Going into childbirth naively may be blissful for some
For me, I wanted to know it all. I wanted to be ready and feel like I was in control of my body (as much as I could be, let's face it, things happen and may not go as "planned" and I was mostly OK with that). Part of my birth plan was actually to be flexible and adapt along the way. My birth motto was, know that you're not a failure even if you take a different path...you completed the journey and did what you could to get there safely.
The thing is, there was NO PELVIC FLOOR CHILDBIRTH prep offered. No one told me that where the baby travels through must open to 3x it's size during a vaginal birth. No one told me that area can be prepped for delivery. Oh, and it's not just perineal stretching that preps the vagina. It's understanding how your lady parts work! Making sure your pelvis and hips can open so your baby can move down the canal easier. Finding your innate ability to birth by cultivating a connection between your mind, hormones, pelvic floor and breath to naturally manage pain and help labor progress smoothly.
I believe that part of why my labor actually progressed quickly (now that I know what I know), was that I had a history of horribly painful menstrual cramps. The sensation of contractions wasn't new to me and my brain...it felt like my old friend, period pains. Therefore, I accepted the pains without fear. I felt the burn and went with it!
If you're anything like me and want to know all you can, then do yourself a favor the first time (or if its your second, the second time) and add to your list of classes a specific pelvic floor birth prep program.
If you're curious about how to prep YOUR pelvic floor for birth...check out the roadmap I've created to help you have an easier birth and how to lower your risk of perineal tears.
In a prenatal pelvic floor birth program (well, at least in the one I teach), you'll learn simple anatomy of your pelvis (muscles, bones, etc), you'll understand the concept of what happens down below during childbirth (from a neuromuscular perspective...this means what the muscles do to allow the baby to come out and how the nervous system affects the muscles during this time). You'll have a clear set of exercises to get your hips and pelvis moving easier so your baby is in the right position and you can open for birth. You'll learn strategies to get your mind, pelvic floor and vagina ready for the sensation of stretch and techniques to ease your fears for an easier childbirth.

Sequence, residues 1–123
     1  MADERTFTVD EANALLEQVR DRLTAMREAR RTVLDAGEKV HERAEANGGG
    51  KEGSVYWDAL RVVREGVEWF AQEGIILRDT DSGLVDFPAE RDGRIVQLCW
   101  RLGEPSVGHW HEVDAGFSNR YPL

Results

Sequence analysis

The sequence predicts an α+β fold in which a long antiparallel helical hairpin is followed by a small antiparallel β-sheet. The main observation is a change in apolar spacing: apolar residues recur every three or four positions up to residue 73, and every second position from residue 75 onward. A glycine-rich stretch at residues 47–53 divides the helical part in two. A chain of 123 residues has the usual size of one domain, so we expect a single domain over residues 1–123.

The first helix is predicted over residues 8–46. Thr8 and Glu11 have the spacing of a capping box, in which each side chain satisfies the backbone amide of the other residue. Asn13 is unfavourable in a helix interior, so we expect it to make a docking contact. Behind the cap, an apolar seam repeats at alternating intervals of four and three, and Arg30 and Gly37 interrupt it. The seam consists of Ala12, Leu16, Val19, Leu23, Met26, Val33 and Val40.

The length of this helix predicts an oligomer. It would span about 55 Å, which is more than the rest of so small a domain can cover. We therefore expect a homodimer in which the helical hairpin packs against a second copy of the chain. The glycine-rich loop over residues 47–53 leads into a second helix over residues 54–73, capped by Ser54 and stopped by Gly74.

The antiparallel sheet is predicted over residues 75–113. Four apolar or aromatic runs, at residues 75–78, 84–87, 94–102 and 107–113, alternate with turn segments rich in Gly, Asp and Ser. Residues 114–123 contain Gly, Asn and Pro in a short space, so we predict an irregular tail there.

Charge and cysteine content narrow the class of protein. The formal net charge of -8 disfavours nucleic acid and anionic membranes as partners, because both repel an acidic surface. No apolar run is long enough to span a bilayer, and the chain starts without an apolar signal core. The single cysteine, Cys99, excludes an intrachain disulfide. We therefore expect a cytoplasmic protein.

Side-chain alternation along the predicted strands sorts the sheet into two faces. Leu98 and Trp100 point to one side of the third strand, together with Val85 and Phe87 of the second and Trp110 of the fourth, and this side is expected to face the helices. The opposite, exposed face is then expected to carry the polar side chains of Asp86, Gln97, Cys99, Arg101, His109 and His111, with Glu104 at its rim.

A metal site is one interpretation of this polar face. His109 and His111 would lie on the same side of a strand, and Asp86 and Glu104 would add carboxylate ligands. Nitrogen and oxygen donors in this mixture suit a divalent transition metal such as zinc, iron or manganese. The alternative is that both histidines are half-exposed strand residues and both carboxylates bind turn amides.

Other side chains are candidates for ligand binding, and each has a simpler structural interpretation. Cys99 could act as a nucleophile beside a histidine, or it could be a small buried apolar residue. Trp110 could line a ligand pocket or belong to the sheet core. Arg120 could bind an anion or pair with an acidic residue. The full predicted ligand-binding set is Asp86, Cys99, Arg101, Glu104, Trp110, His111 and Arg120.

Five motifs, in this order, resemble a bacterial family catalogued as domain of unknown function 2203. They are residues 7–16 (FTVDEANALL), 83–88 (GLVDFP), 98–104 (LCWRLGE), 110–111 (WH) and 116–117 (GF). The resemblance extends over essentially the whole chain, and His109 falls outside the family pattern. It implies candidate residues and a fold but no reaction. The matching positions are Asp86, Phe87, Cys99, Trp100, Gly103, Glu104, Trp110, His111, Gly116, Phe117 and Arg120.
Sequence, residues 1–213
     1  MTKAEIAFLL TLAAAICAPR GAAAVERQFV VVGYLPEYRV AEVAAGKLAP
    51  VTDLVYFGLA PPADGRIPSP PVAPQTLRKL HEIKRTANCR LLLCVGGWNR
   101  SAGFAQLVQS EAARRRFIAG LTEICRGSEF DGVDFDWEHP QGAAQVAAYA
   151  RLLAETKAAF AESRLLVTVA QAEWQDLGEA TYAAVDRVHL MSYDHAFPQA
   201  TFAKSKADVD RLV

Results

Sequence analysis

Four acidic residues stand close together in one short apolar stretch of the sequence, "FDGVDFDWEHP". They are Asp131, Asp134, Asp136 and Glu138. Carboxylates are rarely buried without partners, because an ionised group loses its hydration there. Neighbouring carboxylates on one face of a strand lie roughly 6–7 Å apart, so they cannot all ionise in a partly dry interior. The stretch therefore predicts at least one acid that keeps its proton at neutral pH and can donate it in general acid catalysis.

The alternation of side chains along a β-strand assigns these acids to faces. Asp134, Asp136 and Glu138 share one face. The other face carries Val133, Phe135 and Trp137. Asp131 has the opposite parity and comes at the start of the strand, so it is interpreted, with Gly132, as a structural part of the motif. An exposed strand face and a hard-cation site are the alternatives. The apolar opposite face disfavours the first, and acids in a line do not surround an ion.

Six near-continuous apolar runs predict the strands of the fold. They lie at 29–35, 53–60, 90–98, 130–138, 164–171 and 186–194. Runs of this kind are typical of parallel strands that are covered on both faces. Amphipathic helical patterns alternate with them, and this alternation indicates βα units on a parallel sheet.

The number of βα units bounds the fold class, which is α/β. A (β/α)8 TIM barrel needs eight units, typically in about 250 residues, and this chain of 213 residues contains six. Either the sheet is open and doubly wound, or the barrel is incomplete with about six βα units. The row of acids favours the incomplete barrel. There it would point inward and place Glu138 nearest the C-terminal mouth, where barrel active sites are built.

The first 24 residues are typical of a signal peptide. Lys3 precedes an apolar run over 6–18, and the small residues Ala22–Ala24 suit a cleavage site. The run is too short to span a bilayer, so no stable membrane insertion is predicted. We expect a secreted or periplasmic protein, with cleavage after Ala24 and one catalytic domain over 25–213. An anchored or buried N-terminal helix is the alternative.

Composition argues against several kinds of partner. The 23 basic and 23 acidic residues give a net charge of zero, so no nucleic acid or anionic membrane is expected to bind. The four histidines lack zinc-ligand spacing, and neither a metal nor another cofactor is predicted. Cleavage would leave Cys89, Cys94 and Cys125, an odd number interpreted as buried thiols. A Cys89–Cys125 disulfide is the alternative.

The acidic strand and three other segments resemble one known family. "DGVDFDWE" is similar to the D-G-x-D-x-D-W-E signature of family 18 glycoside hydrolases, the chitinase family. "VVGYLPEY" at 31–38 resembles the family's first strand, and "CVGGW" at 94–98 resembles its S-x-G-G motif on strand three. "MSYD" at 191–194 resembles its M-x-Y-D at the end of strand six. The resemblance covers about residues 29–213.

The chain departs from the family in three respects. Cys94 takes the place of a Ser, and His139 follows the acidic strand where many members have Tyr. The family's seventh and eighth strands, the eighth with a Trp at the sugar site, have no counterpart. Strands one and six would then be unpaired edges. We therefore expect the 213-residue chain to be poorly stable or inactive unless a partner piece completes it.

I remember when I was pregnant, every woman shared their birth stories with me (whether they were good or bad). Most of these stories weren't helpful for my journey through labor and delivery, but one piece of advise stuck with me. I was told, "the pain I was going to feel is a good pain. It's the sensation of the baby coming down the canal into the world." I shifted my belief on pain. Ingrained in my brain was the concept that pain can be safe and doesn't always mean warning, danger ahead. Yes, pain is there to protect us, but during childbirth, it's inevitable and I learned to accept it. It helped me on a mental, physical and hormonal level more than I understood at the time.
Many women that'd gone through my birth prep program were second time moms. They had a "not so glamorous" first childbirth and were seeking an easier experience the second time around. The common thread between each mom that goes through the program is this...
They wonder why they didn't learn this stuff before.
But like I said, we don't know what we don't know until we know it!
I hope your birth experience is different. I hope you don't fear or worry about tearing, because that may be the one thing that holds you back from progressing. I hope you're one of the moms that say, "I'm glad someone told me this." I hope you believe in yourself.
P.S. If you skipped down here to bottom because you like to read the ending first, you missed a little inside story and inspiration behind my birth prep program.
P.P.S. If you're curious about how to prep YOUR pelvic floor for birth...check out the roadmap I've created to help you have an easier birth and how to lower your risk of perineal tears.